There is nothing dignified about death. I am not sure why I went, that first time, to the place of implosion. I guess I had some idea of standing there amidst the debris, my hat in my hands, saying a silent prayer for those who had left us. In its stead, a quarter mile away from the actual site, a rank odor announced itself like a foreboding. As I got closer, the mélange of rotting potatoes, overheated engines reeking oil, charred eggplants the color of ash settled like a second skin making me heave. I grabbed a tissue, forcing down the bitter taste of vomit in my mouth and went back home.
Now over a decade later, there is no more smell; the human detritus swept away, the air is like itself again, unheeding. In place of the original Towers, water drapes over the foundation, ripples abundantly like the tears of children. The names of those passed, so carefully imprinted – first name, middle name, last name – flicker like glow worms in the dark.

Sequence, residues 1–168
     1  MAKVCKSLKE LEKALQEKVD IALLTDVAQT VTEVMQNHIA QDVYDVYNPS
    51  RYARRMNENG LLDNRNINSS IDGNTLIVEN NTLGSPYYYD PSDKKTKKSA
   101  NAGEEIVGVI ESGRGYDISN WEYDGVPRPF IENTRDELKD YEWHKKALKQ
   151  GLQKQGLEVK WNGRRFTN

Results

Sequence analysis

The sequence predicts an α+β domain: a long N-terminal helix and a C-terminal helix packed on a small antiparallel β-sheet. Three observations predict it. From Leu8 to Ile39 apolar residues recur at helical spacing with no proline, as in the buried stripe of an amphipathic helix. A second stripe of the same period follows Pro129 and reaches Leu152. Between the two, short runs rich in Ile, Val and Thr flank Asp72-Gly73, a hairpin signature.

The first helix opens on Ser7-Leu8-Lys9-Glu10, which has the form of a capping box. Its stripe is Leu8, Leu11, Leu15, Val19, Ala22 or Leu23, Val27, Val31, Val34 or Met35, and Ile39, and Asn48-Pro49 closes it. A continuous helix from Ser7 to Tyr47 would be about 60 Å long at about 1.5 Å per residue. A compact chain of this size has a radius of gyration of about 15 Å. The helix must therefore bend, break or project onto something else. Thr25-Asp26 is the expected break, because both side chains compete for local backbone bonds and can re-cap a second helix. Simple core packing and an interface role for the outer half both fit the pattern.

I feel odd. They haven’t done enough. This is pointless. We are stepping over bodies to admire the view, I think. Two girls stand cheek-to-cheek getting their picture taken against the memorial backdrop. One moment I want to admonish them and then I don’t. Life has to go on, doesn’t it, I say to myself from a lofty height.
When we go into the museum store (there is always a museum store, collecting grief, selling hope) for the millionth time I wonder what happened to the security guard, the elevator guard, the smokers I met three times a day, rushing out for a quick fix. I had no friends at that place of work. But we all have our familiars wherever we make a temporary home. They serve as a blanket against the cold steel of the city.
It was a good visit. I still love the city. There is a new tower in place of the old – hope lives on. But there is no longer a reason to take the path train from Newark to Fulton. My familiars are lost. And the rest is just babel.